• The EU must look after its own competitiveness in regulation. The aim must be on a single rulebook and a level playing field that takes different company forms into account.
  • The Union needs to take on the role of a global trendsetter in digitalisation and the implementation of sustainability principles.
  • EU regulation must be based on high-quality impact assessments that also take into account small countries and the characteristics of different markets. The principles of better regulation must be put into practice.
  • Finland must promote regulation based on the Nordic market economy thinking and avoid excessive measures that extend regulation to areas typically beyond our regulatory culture.
  • Finnish decision-makers and authorities must actively defend the interests of the Finnish financial sector and its customers in EU negotiations.
  • The rules of the EU digital single market must be uniform and equal for all sectors and participants. Regulation must enable innovative business models.

More time for EU regulation

  • Adequate time must be reserved for the implementation of regulation. In EU regulation, the entry into force must be aligned with the completion of supplementary lower-level regulation.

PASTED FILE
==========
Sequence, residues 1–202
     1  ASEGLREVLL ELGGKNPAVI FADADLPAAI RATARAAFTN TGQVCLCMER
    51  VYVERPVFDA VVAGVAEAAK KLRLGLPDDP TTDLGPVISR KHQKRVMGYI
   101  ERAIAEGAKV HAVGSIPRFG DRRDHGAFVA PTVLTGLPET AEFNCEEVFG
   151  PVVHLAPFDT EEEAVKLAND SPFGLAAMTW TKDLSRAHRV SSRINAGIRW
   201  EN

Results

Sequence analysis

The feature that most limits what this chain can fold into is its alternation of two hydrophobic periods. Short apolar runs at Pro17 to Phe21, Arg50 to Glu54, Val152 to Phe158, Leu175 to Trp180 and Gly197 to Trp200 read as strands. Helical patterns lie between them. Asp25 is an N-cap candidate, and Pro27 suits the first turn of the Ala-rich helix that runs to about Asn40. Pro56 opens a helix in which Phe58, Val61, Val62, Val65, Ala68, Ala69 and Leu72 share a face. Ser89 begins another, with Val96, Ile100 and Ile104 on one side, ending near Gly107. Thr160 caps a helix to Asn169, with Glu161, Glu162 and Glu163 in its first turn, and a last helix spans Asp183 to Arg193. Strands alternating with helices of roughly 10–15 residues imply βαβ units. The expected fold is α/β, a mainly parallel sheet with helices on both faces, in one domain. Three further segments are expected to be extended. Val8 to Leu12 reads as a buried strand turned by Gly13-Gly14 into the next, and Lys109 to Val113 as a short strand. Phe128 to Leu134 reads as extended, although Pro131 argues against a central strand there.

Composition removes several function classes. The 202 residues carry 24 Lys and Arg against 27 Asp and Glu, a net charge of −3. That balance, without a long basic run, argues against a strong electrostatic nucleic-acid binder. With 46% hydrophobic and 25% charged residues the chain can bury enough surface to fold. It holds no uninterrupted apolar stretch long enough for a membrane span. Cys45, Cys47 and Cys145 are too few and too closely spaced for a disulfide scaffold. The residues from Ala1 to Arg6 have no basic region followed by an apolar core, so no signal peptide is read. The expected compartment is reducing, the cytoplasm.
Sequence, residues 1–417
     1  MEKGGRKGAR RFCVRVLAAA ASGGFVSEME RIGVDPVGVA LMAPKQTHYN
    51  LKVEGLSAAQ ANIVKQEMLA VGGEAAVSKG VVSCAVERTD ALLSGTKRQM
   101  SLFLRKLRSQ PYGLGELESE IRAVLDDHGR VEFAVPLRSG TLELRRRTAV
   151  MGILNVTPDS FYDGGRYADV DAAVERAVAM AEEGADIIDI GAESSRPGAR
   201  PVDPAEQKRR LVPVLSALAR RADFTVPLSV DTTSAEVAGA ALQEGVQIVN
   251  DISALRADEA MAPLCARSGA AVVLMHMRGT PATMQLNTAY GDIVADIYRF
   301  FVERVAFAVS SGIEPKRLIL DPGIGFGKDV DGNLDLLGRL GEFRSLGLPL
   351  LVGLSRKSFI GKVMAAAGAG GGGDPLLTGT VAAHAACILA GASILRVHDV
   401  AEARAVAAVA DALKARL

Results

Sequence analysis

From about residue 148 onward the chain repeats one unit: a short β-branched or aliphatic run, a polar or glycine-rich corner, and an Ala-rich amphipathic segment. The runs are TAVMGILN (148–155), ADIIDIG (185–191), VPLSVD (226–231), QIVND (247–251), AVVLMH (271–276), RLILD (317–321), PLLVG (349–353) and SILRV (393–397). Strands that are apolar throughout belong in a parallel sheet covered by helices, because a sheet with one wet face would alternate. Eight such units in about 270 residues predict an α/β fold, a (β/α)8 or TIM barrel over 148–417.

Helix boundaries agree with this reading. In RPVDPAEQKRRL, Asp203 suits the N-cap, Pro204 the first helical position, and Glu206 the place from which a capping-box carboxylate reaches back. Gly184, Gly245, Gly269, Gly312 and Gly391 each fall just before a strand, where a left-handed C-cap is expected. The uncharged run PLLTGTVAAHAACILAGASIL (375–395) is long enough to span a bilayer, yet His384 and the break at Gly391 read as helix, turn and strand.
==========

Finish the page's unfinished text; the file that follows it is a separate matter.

• Review clauses must be applied only when necessary, and the period between the adoption of the regulation and the review must be extended.


No obstacles for growth

  • Predictable tax policy strengthens companies’ confidence to operate in Finland. Erratic changes and stricter corporate and investment taxation must be avoided.

No new taxes

  • Banks and insurance companies have been among the biggest taxpayers in Finland for a long time. No new taxes that weaken the sector’s competitiveness and increase costs to customers should be implemented in the financial sector.
  • Financial activity taxes would directly impact employees and the costs of labour. A special tax based on the total payroll would encourage companies to automate certain tasks or relocate them outside of Finland.
  • The Financial Transaction Tax (FTT) must not be implemented in the EU. The tax would increase the costs of financial intermediation, and trade would move into markets and financial instruments that are outside the scope of the tax. The tax would reduce the public sector’s returns from earnings-related pension assets.